These models also do not reflect the very real dynamics of a post-COVID-19 business environment. In the last few days, some of our country’s largest employers including Facebook and Twitter have offered their employees extended teleworking flexibility well after a phased re-opening of America begins. COVID-19 has shown that through technology, a large number of employees are capable of being highly productive working from home, providing an opportunity for companies to shed tremendous office space costs from their books, and leaving uncertainty to the future need for office space in the U.S. We cannot afford a situation where office buildings are built for tax benefit rather than market need.
Most economists’ models that demonstrate GDP growth from the inclusion of real estate in full and immediate expensing do not factor in basic real estate tax rules, such as, recapture taxes, passive loss, basis, at-risk limitation rules, or other market drivers, as well as company valuations and shareholder requirements. They also often rely on European data that does not effectively reflect U.S. economic realities. As a result, many of these models overstate both the increased investment that would result from immediate expensing, as well as the extent to which immediate expensing would incentivize U.S. companies to re-shore production lines and facilities currently located overseas.
Also of great concern is the possibility that providing immediate expensing for structures will greatly increase the incentive to utilize debt financing, which many economists believe is already too attractive. Take, for example, an investor purchasing a $10 million building with $8 million in debt financing and just $2 million in equity. Under immediate expensing, that investor would receive a $10 million tax write-off despite having only expended roughly $2 million. This is a dangerous tax loophole that could hinder the U.S. recovery from the economic fallout of COVID-19.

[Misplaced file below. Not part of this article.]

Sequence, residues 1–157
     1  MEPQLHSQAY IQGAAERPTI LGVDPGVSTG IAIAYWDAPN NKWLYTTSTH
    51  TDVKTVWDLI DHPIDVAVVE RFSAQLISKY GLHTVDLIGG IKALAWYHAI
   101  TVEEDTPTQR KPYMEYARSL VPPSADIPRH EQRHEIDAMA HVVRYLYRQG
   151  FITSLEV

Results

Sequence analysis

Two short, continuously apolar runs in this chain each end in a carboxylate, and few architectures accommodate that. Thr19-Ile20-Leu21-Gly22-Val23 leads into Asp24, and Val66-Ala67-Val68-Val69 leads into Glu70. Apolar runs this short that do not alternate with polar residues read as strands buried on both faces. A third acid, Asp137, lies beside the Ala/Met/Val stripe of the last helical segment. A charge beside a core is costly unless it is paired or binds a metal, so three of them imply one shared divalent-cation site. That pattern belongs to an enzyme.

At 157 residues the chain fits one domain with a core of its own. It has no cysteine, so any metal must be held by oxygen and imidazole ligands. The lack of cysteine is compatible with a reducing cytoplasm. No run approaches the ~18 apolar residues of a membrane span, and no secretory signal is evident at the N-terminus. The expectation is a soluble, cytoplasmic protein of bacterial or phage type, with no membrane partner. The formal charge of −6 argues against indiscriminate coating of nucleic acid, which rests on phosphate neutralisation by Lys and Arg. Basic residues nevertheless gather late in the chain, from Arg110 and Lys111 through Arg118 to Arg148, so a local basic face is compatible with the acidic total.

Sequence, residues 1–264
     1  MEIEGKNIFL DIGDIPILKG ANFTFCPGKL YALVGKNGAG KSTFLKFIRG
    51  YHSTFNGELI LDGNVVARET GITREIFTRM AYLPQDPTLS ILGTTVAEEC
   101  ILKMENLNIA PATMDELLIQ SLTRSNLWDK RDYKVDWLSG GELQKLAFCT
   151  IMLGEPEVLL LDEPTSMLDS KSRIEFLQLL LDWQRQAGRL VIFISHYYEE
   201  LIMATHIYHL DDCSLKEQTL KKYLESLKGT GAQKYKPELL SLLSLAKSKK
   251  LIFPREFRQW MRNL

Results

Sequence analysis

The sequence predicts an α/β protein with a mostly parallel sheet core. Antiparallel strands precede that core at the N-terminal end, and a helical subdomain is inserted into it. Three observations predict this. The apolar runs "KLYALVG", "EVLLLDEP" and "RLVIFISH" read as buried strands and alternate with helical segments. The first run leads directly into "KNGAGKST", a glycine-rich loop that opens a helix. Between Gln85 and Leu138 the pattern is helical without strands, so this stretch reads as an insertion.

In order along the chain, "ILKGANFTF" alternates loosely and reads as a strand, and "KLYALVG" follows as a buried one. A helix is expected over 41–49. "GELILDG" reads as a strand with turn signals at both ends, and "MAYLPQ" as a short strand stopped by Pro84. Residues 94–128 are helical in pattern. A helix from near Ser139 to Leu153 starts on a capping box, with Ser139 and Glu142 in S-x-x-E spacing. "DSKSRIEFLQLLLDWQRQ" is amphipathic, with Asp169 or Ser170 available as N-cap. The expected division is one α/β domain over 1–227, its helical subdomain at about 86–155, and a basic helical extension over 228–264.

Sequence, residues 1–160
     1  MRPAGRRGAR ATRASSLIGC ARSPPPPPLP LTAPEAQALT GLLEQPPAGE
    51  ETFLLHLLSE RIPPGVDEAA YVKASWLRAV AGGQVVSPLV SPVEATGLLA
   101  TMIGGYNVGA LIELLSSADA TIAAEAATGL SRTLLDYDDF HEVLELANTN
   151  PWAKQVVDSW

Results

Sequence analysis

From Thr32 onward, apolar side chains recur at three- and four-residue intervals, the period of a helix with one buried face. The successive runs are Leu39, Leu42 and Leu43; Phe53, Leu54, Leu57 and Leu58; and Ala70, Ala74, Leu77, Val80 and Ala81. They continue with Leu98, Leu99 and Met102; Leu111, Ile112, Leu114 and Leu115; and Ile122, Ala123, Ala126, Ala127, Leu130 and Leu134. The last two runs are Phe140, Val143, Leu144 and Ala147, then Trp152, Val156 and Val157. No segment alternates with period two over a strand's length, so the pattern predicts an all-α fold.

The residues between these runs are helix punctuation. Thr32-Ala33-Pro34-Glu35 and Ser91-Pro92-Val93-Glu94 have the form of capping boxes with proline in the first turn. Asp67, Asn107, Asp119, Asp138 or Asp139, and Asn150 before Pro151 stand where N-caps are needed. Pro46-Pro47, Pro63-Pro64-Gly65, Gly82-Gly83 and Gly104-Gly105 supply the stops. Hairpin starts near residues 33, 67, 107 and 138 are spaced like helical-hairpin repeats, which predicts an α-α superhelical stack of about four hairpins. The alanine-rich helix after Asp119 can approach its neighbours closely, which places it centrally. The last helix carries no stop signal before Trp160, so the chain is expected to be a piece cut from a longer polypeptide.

Finally, there is the cost. The most recent estimate conducted by the Tax Foundation found that providing full and immediate expensing for structures would cost the Treasury nearly $1 trillion over the next ten years. While many agree that repairing the damage COVID-19 has wrought to our economy will require significant and innovative government support, there are better ways to stimulate growth and encourage U.S. companies to re-shore their innovation and manufacturing capabilities that do not carry the same unintended consequences.
Fortunately, there are much stronger alternatives to bring companies and innovation back to the United states, to lessen our reliance on foreign countries, and to support small businesses in the wake of COVID-19. Allowing companies to continue to immediately expense research and development and equipment expenses, providing manufacturing facility credits to companies committed to stay in the U.S. and on-shore, developing a robust, but low risk government backed loan program to support critical next generation technology development and manufacturing in the U.S., and providing a more immediate payroll tax holiday for small businesses and individuals. These types of highly effective actions that would result in a more impactful near-term and long-term stimulus to the nation’s businesses and job opportunities for Americans.